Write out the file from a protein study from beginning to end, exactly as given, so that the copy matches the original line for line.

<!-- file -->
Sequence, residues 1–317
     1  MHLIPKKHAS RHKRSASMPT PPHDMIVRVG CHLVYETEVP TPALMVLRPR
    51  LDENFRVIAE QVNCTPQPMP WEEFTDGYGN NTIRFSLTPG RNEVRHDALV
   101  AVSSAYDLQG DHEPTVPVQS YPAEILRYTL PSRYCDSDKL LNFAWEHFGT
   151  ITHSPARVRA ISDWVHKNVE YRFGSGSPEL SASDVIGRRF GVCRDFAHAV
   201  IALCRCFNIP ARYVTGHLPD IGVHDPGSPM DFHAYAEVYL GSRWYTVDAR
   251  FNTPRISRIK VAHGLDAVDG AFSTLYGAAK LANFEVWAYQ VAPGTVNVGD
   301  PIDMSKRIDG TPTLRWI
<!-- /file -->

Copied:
Sequence, residues 1–317
     1  MHLIPKKHAS RHKRSASMPT PPHDMIVRVG CHLVYETEVP TPALMVLRPR
    51  LDENFRVIAE QVNCTPQPMP WEEFTDGYGN NTIRFSLTPG RNEVRHDALV
   101  AVSSAYDLQG DHEPTVPVQS YPAEILRYTL PSRYCDSDKL LNFAWEHFGT
   151  ITHSPARVRA ISDWVHKNVE YRFGSGSPEL SASDVIGRRF GVCRDFAHAV
   201  IALCRCFNIP ARYVTGHLPD IGVHDPGSPM DFHAYAEVYL GSRWYTVDAR
   251  FNTPRISRIK VAHGLDAVDG AFSTLYGAAK LANFEVWAYQ VAPGTVNVGD
   301  PIDMSKRIDG TPTLRWI